Snowmass residents outraged with state of post office, town council to investigate issues |

Snowmass residents outraged with state of post office, town council to investigate issues

Erica Robbie
Snowmass Sun

As more residents voice concern and frustration with the current state of affairs at the Snowmass post office, the town government and council is trying to figure out how to best tackle a communal problem that is outside its jurisdiction.

Mail and packages that are lost or missing for weeks or months a time, lines that can exceed a half hour and an overall shortage of staff, space and mailboxes top peoples’ issues with the Snowmass post office.

“I think we’re at a crisis point right now with the post office,” town councilman Tom Goode, a more-than-40-year resident of Snowmass, said in an interview Tuesday. “What can we do, as a council or as a community? I don’t know.”

While the subject has gained a lot of momentum over the past few weeks, Goode and other locals, including a former post office employee, say the problems started about five or six years ago.

The timing is no coincidence — the advent of Amazon and its partnering with the U.S. Postal Service in 2013 changed the game for post offices everywhere, including in Snowmass Village.

More recently, a number of full-time and part-time residents have penned letters to the editors, emailed members of Town Council and spoken publicly at town meetings.

“If the Town Council feels it’s really important to protect Snowmass’ reputation as a world-class resort community, then what I’d like to see them is engage with the U.S. Postal Service,” Peter Cavelti, a part-time Snowmass resident of nearly 30 years, said in an interview. He called the Snowmass post office “a horror story.”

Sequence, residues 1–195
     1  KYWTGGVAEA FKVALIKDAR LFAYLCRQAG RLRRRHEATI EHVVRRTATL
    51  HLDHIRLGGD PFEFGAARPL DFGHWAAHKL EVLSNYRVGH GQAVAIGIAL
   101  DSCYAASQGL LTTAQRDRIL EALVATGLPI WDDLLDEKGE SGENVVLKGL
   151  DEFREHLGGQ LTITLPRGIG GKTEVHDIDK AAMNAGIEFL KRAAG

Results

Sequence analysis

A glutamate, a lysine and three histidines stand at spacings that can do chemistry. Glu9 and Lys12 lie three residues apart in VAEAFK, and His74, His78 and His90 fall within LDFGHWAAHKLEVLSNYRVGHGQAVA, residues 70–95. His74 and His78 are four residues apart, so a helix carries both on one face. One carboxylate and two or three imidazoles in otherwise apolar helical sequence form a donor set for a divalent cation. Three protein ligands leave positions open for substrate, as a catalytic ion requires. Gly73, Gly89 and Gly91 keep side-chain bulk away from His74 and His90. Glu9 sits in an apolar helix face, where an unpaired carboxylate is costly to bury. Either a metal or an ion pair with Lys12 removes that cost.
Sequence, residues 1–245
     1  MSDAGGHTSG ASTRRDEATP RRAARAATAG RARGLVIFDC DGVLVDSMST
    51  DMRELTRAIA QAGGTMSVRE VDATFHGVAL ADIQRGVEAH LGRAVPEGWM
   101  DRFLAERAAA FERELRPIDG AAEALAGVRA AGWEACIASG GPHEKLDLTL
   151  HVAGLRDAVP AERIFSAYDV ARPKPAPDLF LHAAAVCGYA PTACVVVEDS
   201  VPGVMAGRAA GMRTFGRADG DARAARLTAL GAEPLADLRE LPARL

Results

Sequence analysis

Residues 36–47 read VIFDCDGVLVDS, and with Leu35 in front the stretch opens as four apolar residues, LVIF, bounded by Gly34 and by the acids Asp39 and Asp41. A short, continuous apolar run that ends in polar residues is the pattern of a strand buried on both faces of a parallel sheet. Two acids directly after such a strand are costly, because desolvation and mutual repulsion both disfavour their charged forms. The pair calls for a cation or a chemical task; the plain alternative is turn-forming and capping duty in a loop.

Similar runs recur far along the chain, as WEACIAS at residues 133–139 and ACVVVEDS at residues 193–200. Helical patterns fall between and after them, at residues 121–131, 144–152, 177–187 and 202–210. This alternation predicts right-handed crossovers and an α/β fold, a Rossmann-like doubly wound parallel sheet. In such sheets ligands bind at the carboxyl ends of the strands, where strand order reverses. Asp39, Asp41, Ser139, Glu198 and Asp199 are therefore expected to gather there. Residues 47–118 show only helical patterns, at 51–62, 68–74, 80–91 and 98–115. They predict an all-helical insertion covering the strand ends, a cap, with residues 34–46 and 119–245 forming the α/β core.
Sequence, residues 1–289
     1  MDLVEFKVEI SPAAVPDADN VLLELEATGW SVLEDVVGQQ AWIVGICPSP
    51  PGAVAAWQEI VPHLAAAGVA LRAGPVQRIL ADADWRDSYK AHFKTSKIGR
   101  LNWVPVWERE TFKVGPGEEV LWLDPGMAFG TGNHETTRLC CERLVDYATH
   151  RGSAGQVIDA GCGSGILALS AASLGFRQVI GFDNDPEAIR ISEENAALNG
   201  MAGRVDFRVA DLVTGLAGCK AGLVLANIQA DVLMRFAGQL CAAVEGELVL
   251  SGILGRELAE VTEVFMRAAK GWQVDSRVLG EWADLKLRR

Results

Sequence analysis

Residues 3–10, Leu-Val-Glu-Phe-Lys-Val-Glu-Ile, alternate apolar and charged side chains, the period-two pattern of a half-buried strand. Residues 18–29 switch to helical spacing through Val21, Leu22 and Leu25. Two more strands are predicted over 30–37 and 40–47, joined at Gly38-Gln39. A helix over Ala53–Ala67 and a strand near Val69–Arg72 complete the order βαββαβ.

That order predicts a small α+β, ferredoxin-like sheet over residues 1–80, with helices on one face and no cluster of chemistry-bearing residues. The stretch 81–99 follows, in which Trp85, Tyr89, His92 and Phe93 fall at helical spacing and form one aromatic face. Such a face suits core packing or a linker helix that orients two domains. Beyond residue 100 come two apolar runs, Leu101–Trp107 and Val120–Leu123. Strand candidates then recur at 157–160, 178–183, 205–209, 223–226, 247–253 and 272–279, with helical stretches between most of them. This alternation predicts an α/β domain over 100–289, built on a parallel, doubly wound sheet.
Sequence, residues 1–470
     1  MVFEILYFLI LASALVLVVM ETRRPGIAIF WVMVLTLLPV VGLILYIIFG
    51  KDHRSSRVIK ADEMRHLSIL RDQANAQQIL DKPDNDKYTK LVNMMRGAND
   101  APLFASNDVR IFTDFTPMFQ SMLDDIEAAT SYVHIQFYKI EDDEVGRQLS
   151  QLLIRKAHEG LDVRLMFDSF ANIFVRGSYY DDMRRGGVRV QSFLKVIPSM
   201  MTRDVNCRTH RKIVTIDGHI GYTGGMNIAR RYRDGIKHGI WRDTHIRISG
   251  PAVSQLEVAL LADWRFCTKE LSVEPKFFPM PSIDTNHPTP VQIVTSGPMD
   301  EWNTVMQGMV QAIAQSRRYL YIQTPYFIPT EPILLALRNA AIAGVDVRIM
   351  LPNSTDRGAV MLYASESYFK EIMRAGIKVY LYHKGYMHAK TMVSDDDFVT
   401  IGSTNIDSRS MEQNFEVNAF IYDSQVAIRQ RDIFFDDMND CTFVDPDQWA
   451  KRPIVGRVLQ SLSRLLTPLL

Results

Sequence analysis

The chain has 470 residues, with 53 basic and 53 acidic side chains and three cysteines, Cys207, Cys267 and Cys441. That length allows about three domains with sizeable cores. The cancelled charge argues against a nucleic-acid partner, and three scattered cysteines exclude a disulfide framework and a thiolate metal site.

The Snowmass post office looks about the same as it did when the Snowmass Center was developed in the early 1980s, as Goode pointed out.

“The building’s just too small now (and) the (employees) are just overloaded,” he said.

The Snowmass post office is 2,530 square feet and houses 1,738 P.O. boxes, according to Marcela Rivera, a U.S. Postal Service spokeswoman who is based in Denver and handles communication for post offices along the Western Slope.

To date, the Snowmass post office employs two clerk positions and is hiring for a custodian, Rivera said.

Asked about complaints at the Snowmass post office and how they stack up with other locations, Rivera wrote via email: “Consumer Affairs reported there are a handful of customers who repeatedly call. I don’t have any comparative figures to other offices, however.”

The number of people on the waitlist for a P.O. box at the Snowmass post office is “unknown,” said Rivera, a 24-year-employee of the U.S. Postal Service who has never been to the Snowmass office.

“The point is, we’ve outgrown it,” Tom Hills, a 30-year-full-time Snowmass resident, said. Hills pointed to the dangers of not receiving medication in a timely fashion; other locals noted late or lost bills or juror summons. Town Councilman Bill Madsen at a town work session Tuesday said he received a package last week that shipped Dec. 12.

Part two of the post office conversation is looking ahead to a major redevelopment and expansion of the Snowmass Center.

Jordan Sarick of the Eastwood Snowmass Investors group that owns the Snowmass Center said he would “happily” lease more space to the post office.

“We have endeavored to contact the post office on numerous occasions,” Sarick said in an interview Tuesday. “It’s frustrating for us as well.”

Sarick said that while “we get how important the post office is,” his team is limited in what it can do without direction from the U.S. Postal Service.

“The ball is very much in their court,” he said.

The town of Snowmass as of Tuesday had not yet set a date for a meeting to further discuss the post office issue.